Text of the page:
Henry Brooke died on 30 January 2018. His funeral was held at St Luke’s, Chelsea, on 20 February. This is the text of the address that was delivered on that occasion by his son Christopher.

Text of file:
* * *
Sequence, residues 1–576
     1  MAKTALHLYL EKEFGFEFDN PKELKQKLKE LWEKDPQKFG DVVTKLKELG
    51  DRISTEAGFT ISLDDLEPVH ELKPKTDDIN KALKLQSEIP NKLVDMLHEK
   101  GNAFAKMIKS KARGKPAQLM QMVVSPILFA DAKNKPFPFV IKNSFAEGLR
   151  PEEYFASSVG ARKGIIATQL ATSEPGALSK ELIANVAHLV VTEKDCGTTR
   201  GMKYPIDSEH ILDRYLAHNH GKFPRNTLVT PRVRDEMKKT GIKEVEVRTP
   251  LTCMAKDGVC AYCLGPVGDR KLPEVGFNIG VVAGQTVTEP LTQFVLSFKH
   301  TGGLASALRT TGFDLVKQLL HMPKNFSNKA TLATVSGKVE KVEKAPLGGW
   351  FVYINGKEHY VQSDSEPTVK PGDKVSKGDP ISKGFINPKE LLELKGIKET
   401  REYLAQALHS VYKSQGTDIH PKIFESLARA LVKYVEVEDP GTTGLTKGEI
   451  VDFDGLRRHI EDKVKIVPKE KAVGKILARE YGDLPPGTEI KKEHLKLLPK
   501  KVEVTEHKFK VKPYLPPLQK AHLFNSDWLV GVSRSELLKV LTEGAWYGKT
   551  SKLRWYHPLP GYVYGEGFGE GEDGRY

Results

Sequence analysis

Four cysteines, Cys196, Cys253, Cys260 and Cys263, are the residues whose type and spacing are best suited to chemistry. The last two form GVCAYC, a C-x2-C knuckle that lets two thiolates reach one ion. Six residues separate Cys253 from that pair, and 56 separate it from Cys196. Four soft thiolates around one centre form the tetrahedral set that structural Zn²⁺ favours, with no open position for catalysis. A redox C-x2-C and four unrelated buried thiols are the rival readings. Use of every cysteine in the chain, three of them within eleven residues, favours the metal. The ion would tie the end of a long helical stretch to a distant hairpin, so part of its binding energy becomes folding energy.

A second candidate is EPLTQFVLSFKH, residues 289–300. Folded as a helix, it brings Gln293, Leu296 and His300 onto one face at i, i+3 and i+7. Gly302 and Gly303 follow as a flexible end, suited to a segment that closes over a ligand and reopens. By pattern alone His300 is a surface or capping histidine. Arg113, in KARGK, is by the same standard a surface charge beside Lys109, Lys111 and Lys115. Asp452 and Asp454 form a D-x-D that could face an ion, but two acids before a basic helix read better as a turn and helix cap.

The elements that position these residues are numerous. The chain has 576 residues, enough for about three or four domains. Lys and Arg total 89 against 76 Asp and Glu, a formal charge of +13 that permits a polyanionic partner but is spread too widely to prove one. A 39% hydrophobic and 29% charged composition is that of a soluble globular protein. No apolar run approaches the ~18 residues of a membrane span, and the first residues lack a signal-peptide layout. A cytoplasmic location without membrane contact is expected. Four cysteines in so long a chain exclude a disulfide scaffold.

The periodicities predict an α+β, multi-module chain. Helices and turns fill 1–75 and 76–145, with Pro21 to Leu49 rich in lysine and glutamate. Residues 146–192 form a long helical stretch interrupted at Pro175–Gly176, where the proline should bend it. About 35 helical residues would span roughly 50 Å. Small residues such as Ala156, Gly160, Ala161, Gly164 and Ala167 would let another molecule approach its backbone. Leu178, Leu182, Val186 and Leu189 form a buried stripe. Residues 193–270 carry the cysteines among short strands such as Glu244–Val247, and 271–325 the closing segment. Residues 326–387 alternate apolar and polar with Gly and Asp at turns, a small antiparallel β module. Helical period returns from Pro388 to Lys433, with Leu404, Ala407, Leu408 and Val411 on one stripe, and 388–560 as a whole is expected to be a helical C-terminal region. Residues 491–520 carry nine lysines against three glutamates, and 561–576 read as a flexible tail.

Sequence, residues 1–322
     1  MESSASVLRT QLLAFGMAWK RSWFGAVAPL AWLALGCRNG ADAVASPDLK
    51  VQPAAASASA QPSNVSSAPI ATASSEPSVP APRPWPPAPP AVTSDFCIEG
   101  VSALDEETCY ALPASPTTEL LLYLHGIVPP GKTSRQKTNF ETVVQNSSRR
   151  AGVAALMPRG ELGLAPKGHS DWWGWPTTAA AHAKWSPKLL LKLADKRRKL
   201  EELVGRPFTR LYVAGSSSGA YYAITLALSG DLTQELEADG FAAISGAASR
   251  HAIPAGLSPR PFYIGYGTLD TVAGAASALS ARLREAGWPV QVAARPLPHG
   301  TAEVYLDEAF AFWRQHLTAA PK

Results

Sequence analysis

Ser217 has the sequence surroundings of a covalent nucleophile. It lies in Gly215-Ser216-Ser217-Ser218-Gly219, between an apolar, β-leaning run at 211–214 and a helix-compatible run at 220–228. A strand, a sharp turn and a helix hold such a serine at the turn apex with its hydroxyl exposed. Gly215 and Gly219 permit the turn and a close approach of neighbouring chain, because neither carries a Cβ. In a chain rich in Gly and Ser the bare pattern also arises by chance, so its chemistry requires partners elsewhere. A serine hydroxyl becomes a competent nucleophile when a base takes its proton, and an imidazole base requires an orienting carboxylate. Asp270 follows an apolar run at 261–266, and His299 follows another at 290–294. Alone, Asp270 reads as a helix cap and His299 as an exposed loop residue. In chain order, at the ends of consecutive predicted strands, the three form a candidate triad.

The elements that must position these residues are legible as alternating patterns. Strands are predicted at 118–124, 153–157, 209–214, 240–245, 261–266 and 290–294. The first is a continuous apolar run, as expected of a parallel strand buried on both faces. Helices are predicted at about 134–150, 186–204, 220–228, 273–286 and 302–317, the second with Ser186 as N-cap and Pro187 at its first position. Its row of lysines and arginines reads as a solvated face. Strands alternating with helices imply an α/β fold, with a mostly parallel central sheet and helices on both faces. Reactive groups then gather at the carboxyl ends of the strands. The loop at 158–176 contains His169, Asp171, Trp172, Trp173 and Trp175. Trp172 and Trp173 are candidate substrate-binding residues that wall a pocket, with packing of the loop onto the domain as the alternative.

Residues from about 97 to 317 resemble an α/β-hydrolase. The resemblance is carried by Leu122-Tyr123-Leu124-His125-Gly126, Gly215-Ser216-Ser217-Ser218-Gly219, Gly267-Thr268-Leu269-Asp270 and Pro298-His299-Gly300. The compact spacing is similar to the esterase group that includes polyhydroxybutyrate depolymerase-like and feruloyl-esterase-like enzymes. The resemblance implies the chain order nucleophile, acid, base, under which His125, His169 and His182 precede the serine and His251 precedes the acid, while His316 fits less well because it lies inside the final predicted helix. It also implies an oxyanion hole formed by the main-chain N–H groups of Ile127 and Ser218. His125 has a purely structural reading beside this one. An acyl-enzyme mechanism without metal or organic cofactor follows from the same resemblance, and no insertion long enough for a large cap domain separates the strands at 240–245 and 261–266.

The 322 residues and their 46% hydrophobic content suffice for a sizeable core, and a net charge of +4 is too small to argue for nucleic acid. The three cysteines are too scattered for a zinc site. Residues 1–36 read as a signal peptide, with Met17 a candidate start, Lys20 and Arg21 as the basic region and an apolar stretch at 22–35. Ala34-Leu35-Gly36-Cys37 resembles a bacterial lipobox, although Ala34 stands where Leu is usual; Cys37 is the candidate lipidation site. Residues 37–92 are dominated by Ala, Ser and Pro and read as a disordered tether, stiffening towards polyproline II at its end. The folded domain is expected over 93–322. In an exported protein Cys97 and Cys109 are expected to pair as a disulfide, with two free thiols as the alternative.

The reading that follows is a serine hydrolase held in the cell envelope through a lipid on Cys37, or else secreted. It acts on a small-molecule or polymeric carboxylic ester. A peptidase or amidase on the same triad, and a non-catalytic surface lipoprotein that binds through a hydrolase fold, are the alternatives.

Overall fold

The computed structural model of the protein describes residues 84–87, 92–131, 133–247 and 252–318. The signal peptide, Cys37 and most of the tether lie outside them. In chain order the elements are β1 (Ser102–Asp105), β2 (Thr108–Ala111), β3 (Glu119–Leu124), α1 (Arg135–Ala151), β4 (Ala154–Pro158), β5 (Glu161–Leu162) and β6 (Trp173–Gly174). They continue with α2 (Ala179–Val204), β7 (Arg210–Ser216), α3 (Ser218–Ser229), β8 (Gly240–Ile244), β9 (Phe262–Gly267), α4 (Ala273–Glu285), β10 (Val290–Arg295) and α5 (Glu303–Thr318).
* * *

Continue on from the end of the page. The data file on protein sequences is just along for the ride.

Henry “labour[ed] night and day”, as we’ve just been singing. He didn’t work hard because he had to–and we know that because he went on working for more a decade after he “retired” (with “retired” in inverted commas). He didn’t work to get away from his family, because he liked them, and they liked him–more on this a little later. I don’t think he was motivated primarily by guilt, either, relating to the privileged life that he led. And he wasn’t really working as a way of distracting himself from the anxieties we all have from time to time about whether anything means anything at all. Karl Marx–who once lived a few minutes’ walk from here, on Anderson Street–says that when we work on our own projects (these are his words), “the result is the self-realization and objectification of the subject, therefore real freedom, whose activity is precisely labour”. Continue reading “Eulogy for Henry Brooke (1936-2018)”